Leading members of the Jewish, Muslim and Christian communities are joining forces to demand that the Government end its controversial policy of indefinite detention for immigrants, and limit detention to a maximum of 28 days. Britain is the only country in Europe not to have a time limit on how long immigrants can be held.
The policy leaves often vulnerable people routinely locked up in a legal limbo, which campaigners have described as a “black hole at the heart of British justice”.
A protest organised by René Cassin, the Jewish human rights charity, will take place next to the largest immigration detention centre in Europe, at Harmondsworth Moor, in London.
Harmondsworth Immigration Removal Centre houses more than 600 detainees, one of whom has been there for more than five years; several others have been detained for more than a year.
Some of those held at the centre have gone on hunger strike to protest at the length of time taken to decide their fate, according to the latest annual report by the Independent Monitoring Board (IMB), released earlier this year.
“That detainees are driven to such extremes, with such poor health consequences, often as a result of delayed decision-making by the Home Office, continues to concern the IMB,” says the report.
In one case, a man sewed his lips together in protest, something which “provides a shocking example of the effect this has on detainees”.
The IMB report calls for an independent review of those detained for more than a year.
The issues are not confined to Harmondsworth. There have been a series of damning reports into other immigration removal centres in recent months.
One report cited the case of a Chinese woman held for more than two years at Yarl’s Wood, Bedfordshire. During her detention, she repeatedly self-harmed and attempted suicide. “We cite her case as an example of the extremely harmful effects of long-term and indefinite detention,” according to the IMB report.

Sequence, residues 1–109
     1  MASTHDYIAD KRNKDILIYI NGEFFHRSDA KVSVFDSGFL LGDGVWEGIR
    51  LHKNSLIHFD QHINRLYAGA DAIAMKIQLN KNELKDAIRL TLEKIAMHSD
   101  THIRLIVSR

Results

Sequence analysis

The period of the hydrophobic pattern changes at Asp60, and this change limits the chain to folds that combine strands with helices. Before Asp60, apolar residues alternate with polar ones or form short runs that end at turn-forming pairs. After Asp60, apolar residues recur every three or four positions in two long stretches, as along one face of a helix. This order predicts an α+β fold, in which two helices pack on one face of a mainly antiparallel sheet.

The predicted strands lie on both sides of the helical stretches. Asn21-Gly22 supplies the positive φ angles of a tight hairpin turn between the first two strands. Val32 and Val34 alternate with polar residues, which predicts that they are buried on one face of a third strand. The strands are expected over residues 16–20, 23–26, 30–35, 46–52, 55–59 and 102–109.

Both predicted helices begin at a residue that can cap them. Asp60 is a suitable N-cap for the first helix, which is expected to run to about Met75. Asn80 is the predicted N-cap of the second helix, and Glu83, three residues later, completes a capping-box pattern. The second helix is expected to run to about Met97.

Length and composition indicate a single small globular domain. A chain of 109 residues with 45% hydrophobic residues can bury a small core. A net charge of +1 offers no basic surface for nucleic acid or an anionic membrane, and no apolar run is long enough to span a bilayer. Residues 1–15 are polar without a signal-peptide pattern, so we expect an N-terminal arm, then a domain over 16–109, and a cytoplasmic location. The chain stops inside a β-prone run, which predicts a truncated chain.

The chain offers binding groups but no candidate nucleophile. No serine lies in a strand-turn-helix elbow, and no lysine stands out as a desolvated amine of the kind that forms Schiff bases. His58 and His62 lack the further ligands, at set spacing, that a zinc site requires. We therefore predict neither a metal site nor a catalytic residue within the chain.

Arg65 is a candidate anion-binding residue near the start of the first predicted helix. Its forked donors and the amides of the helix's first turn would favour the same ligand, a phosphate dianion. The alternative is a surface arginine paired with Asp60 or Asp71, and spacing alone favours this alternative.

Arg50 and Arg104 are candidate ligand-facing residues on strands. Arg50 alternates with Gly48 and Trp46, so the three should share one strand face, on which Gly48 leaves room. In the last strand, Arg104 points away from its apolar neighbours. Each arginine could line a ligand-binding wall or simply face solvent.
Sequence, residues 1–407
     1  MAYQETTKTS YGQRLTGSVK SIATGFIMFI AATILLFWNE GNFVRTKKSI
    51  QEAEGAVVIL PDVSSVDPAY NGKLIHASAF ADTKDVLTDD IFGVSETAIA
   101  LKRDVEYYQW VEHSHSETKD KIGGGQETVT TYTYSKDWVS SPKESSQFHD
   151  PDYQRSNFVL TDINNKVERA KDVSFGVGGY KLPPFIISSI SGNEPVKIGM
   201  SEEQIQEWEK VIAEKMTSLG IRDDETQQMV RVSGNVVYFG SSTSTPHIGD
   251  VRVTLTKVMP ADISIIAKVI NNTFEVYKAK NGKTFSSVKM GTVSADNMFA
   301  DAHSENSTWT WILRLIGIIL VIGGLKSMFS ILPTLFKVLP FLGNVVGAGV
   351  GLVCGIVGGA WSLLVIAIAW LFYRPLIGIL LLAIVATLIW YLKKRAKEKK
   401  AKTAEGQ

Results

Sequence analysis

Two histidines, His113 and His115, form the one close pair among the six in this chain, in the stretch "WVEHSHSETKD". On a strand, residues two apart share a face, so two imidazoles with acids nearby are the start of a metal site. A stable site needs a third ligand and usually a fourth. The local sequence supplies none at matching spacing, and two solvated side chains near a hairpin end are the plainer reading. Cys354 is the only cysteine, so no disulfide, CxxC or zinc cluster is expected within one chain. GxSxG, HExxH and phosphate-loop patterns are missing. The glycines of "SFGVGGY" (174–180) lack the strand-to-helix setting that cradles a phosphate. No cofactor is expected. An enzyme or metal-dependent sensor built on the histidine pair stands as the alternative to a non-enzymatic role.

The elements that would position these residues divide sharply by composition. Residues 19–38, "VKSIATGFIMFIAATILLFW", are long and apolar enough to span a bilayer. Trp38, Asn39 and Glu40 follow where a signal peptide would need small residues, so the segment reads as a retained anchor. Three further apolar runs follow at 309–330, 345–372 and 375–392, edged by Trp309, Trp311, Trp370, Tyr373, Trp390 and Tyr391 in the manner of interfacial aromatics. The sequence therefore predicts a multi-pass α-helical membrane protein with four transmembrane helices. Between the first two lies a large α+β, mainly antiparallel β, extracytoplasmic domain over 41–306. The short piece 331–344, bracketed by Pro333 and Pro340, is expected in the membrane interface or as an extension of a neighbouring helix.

At another centre, Colnbrook in London, at the end of 2014, one individual had been in detention for more than three and a half years.
Tens of thousands of people are put into detention each year, with 30,902 entering detention in 2014, the highest in five years. And there were 3,483 people in detention as of 31 March 2015, an increase of 16 per cent since 31 March 2014.
Earlier this year, a joint inquiry by the All Party Parliamentary Group (APPG) on Refugees and the APPG on Migration called on the Government to limit the amount of time people can be detained to 28 days, and recommended a fundamental reform of Britain’s “expensive, ineffective and unjust” asylum system.
The Government is under mounting pressure to change the way it deals with migrants. Hundreds of people detained under the controversial “fast-track” detention system, which accelerates legal hearings and appeals while keeping the individual detained at all times, are likely to be freed or have their cases reviewed, after the immigration minister, James Brokenshire, suspended the system last Thursday.
The decision came after the Court of Appeal ruled it was unlawful and that its limit of seven working days for appeals was “structurally unfair”.
An independent review of immigration detention, commissioned by the Home Secretary, Theresa May, will report later this year.
Mia Hasenson-Gross, director of René Cassin, said: “We demand a limit of 28 days detention – justice must not be denied or delayed any longer.”
One of those speaking at Sunday’s event, the Most Rev Kevin McDonald, Emeritus Archbishop of Southwark, said: “The people in Harmondsworth may only be 200 metres from us, but in terms of the rights that every human deserves – justice, equality and liberty – they are a million miles away.”
Another speaker, Rabbi Natan Levy, chair of the Jewish Social Action Forum, said: “Our history obliges us to call for change. It means nothing if we do not choose to act when the stranger cries out for our help.”
And Imam Dr Mamadou Bocoum, director of Interfaith through the Arts, described Britain’s detention centres as “counterproductive and ineffective”.
In a statement, the Home Office said: “Detention is used as a last resort and for the shortest period necessary”, adding: “Decisions to detain an individual are reviewed regularly to ensure they remain justified and reasonable.”
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